By Natasha Persaud

After a long day, you might plop down on a comfy chair in a quiet room and rest. Then, you turn on the TV, watch upsetting news coverage, and start feeling anxious again. Well, a new study suggests there is a better way to handle daily stressors: moderate-intensity exercise.

Biking Image - Masterfile

In this study, released online ahead of print in Medicine & Science in Sports & Exercise, cycling for 30 minutes outperformed sitting at rest in keeping college students calm. After resting or cycling, participants were asked to rate emotionally-charged pictures. Anxiety returned if the person had rested before the test, but it stayed at bay for up to an hour if the person had cycled.

Moderately intense exercise appears to offer short-term protection from stress, according to the researchers.

This isn’t the first study showing exercise reduces stress and improves mood. A large body of research has established the connection, including studies on exercise for depression and anxiety. This small study adds a new wrinkle, however, suggesting anxiety reductions from exercise persist longer than from sitting.

It’s important to note that participants in this study did not have diagnosed anxiety. The researchers suggest future studies should involve people with anxiety disorders.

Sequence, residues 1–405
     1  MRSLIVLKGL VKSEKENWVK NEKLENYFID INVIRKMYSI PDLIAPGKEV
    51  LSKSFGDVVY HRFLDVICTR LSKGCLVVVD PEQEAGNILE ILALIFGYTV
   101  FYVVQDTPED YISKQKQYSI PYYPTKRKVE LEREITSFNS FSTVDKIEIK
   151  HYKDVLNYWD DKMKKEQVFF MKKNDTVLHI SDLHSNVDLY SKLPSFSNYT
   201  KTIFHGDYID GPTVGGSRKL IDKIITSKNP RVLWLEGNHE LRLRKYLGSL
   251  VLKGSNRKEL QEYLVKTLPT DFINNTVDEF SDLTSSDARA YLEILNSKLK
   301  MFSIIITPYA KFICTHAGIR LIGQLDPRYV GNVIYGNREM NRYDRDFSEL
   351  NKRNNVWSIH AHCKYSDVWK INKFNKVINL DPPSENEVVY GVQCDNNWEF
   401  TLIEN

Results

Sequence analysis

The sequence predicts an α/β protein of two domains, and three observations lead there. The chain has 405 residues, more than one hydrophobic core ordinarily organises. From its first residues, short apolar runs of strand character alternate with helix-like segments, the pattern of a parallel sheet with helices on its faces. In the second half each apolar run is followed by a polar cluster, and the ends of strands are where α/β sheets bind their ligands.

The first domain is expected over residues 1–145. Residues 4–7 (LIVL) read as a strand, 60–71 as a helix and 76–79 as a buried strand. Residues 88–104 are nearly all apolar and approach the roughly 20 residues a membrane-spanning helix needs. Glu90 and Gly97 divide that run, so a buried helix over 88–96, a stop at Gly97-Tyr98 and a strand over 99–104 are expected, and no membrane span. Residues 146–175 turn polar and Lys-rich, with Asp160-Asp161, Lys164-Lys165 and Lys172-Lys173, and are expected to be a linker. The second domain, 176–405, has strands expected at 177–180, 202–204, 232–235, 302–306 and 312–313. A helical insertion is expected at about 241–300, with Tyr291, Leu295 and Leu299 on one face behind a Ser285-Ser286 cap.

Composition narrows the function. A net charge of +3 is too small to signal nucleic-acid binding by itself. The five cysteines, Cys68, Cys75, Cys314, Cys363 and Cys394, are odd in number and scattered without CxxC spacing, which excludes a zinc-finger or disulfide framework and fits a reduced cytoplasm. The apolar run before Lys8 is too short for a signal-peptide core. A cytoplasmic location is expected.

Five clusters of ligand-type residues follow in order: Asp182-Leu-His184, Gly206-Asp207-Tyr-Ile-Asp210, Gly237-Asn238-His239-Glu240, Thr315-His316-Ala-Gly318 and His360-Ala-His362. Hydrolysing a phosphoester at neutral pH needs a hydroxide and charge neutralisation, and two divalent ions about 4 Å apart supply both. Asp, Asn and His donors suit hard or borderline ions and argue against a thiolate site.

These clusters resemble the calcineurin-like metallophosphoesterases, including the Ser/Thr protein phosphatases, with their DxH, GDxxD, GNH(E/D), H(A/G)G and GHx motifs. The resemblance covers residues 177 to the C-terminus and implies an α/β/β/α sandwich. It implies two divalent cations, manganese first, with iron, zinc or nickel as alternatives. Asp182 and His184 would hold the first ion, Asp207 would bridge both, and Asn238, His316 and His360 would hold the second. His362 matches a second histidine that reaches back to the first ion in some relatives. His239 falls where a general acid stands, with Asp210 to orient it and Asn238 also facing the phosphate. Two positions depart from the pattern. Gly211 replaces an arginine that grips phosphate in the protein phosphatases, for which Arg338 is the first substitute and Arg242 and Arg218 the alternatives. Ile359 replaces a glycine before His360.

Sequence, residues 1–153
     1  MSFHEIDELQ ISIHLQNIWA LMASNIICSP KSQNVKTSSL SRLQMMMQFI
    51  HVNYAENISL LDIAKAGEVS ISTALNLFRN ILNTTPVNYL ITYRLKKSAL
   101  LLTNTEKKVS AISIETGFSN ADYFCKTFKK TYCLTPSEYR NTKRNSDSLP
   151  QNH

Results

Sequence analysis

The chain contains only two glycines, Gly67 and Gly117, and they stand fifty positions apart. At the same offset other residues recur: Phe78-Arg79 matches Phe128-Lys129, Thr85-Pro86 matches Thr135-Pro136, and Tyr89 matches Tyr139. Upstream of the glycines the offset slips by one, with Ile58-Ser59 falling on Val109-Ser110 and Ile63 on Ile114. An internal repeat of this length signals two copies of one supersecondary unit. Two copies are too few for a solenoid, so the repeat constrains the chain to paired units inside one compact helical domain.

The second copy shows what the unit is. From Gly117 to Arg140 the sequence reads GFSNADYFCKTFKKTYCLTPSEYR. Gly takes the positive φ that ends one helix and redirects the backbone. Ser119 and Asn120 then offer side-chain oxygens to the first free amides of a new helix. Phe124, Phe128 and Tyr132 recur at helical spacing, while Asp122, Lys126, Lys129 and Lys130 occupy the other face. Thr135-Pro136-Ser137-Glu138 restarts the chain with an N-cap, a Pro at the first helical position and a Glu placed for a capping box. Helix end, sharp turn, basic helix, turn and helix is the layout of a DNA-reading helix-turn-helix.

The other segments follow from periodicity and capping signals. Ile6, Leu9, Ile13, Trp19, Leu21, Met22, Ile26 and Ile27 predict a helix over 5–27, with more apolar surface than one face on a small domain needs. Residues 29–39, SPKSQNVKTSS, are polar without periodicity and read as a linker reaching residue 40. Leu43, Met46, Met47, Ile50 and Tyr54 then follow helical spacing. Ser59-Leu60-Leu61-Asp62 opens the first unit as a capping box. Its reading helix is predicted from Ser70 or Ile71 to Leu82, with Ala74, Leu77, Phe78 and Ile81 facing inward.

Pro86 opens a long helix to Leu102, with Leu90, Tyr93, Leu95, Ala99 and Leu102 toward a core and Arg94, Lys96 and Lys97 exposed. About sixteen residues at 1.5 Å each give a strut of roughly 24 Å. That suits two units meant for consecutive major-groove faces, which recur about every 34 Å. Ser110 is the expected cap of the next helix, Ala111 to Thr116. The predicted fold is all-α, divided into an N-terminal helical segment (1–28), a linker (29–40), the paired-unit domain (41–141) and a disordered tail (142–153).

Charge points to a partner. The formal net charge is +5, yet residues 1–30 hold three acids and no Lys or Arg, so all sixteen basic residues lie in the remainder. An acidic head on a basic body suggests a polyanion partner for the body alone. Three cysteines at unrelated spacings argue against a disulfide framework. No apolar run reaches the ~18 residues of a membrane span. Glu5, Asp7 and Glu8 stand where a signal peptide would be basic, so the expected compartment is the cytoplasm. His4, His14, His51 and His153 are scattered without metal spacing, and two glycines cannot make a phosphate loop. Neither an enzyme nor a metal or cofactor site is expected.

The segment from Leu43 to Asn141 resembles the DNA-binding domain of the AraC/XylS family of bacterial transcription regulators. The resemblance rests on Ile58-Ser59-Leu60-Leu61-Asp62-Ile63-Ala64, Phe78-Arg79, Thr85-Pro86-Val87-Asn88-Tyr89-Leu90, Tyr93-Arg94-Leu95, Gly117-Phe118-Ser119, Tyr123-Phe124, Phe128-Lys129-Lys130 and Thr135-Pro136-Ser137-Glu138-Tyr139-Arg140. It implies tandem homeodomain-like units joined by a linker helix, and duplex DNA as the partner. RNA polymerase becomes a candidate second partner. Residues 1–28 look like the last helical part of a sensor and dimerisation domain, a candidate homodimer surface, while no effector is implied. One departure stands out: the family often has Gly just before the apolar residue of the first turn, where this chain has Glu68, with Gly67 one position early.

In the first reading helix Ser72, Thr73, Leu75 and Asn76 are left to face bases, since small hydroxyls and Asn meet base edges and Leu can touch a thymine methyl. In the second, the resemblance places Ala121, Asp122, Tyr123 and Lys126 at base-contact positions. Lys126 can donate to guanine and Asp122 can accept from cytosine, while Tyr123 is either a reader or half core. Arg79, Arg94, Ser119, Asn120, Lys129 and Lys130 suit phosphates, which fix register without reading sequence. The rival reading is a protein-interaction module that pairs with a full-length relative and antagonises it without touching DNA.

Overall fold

In the meantime, conduct your own experiment: Try these moderate-intensity exercises, and see if you experience greater calm:

Moderate Intensity Activities

Chores

  • Gardening for 30 to 45 minutes
  • Raking leaves for 30 minutes
  • Walking 2 miles in 30 minutes (15 min/mile)
  • Stair walking for 15 minutes

Sporting Activities

  • Bicycling 5 miles in 30 minutes
  • Dancing fast (social) for 30 minutes
  • Running 1.5 miles in 15 minutes (10 min/mile)
  • Jumping rope for 15 minutes
  • Playing touch football for 45 minutes
  • Basketball (shooting baskets) for 30 minutes
  • Water aerobics for 30 minutes
  • Swimming laps for 20 minutes

Sources:

Smith, J. Carson. “Effects of Emotional Exposure on State Anxiety After Acute Exercise.” Medicine & Science in Sports & Exercise. Published ahead of print August 2, 2012.

National Heart, Lung and Blood Institute

Publication Review By: the Editorial Staff at Healthcommunities.com

Published: 25 Sep 2012

Last Modified: 05 Mar 2015